14  Using Arduino / Networking, Protocols, and Devices / Microcontroller-based switching of AT mode for HC-05 Bluetooth module? on: November 14, 2013, 12:43:59 pm
I'm trying to integrate a Bluetooth module from DealExtreme (this one: http://dx.com/p/wireless-bluetooth-rs232-ttl-transceiver-module-80711) into a custom ATMega328-based board I am working on and would like to find a way to automatically switch to AT mode so the user can redefine the module's Bluetooth name anytime.

I believe that this module is the HC-05 one, based on the fact that it shows up as "linvor" when I search for Bluetooth devices on my PC or Android tablet.

I have found several instructions to get the module into AT mode manually, but not automatically. In other words, on my board I don't want to force the user to solder wires or fuss with the electronics every time they want to get into AT mode.

From what I understand, I need to tie the module's PIN 34 to HIGH (3.3V), then apply power to the module. When I send "AT" to the module, I should expect "OK" in return at 38400 baud, but so far I have not received anything.

I am able to connect to the module over Bluetooth, and send and receive data with no problems. It's just getting it into AT mode that seems to be the problem.

At first I thought that if I powered up the module and didn't pair it with anything it would automatically enter AT mode at 9600 baud, but I wonder if that may only apply to the HC-06 module, not the HC-05 one.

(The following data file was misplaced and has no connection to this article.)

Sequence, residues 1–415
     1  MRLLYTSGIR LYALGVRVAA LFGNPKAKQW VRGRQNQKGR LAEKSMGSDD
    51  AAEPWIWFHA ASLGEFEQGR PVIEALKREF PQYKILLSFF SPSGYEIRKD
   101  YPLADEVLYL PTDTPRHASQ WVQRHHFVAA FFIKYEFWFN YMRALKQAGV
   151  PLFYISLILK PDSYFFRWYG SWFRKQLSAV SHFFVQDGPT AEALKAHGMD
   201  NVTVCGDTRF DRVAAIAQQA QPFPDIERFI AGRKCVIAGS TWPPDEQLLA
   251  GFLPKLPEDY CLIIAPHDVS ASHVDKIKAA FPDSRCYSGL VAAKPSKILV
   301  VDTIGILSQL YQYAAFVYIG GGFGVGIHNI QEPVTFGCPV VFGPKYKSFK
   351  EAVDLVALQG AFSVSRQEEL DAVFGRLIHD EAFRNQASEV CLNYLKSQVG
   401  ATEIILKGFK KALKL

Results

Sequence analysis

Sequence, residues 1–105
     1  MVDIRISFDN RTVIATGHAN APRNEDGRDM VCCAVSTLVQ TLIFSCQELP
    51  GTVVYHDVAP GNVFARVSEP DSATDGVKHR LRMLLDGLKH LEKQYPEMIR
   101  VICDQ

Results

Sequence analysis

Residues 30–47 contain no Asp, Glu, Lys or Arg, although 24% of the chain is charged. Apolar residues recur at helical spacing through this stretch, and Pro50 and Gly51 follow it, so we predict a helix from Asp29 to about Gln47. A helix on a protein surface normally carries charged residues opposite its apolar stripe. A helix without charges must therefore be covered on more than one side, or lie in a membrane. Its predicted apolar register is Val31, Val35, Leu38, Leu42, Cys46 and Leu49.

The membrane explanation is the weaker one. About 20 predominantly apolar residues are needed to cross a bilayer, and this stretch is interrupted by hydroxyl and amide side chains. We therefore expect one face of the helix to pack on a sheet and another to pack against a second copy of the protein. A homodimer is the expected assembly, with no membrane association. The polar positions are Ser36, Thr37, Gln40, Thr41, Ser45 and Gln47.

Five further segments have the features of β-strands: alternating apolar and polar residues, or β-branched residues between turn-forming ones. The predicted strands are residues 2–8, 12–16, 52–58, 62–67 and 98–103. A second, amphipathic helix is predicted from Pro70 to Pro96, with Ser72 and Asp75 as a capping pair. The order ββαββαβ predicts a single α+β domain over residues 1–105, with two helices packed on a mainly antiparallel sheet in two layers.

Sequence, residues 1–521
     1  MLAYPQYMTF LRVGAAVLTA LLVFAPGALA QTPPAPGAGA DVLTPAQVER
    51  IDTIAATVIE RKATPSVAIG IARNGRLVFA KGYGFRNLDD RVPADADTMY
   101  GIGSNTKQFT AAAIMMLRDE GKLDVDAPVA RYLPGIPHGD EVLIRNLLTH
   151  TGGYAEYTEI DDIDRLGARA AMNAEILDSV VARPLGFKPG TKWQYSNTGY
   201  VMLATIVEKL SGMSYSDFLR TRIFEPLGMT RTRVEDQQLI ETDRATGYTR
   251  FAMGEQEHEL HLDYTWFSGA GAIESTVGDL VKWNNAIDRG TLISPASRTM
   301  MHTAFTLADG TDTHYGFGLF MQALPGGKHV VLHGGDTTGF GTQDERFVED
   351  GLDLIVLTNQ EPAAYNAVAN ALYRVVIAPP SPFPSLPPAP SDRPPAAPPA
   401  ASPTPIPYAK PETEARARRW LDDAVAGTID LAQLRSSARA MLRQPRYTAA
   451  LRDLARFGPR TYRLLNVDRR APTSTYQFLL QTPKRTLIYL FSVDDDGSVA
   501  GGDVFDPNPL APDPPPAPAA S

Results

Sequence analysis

Here is the code I am using to test communication with the Bluetooth module (I am connecting to my custom board via FTDI):

Code:
#include <SoftwareSerial.h>

int BT_RX = 7;
int BT_TX = 8;

SoftwareSerial bluetooth(BT_TX, BT_RX);

void setup() {
  Serial.begin(57600);
  bluetooth.begin(38400);
 
  delay(2000);
 
  bluetooth.write("AT");
}

void loop() {
  if(Serial.available()) {
    byte in = Serial.read();
    bluetooth.write(in);
    Serial.write(in);
  }
 
  if(bluetooth.available()) {
    Serial.write(bluetooth.read());
    Serial.write("tesT");
  }
 
}
15  Using Arduino / Interfacing w/ Software on the Computer / Re: Communicating with Arduino via web app without using Firmata? on: October 03, 2013, 10:02:49 am
Your responses confused me more than helped me, as it didn't seem like you were trying to really help so much as tell me my approach was wrong.

I cloned a relevant repo on Github that accomplishes exactly what I'm trying to do, and learned a few things from it. I'm now using Python to communicate with a local web app through Bottle, as well as communicate with my board via pySerial.

I've looked into every non-web-based GUI that I felt capable of using and felt like they all were pretty severely lacking aesthetically, and wouldn't be something I'd be happy with distributing with a product. I tried several options in Processing (ControlP5, G4P, Guide) and openFrameworks (ofxUI), then checked out the more 'standard' options like Qt and GTK. The latter options were obviously super robust, but way more complicated and hard to work with than web interfaces. Web frameworks like Bootstrap and jQuery are so much easier to work with and better designed (and easier to animate and alter) that I knew I really wanted to find a way to work with them.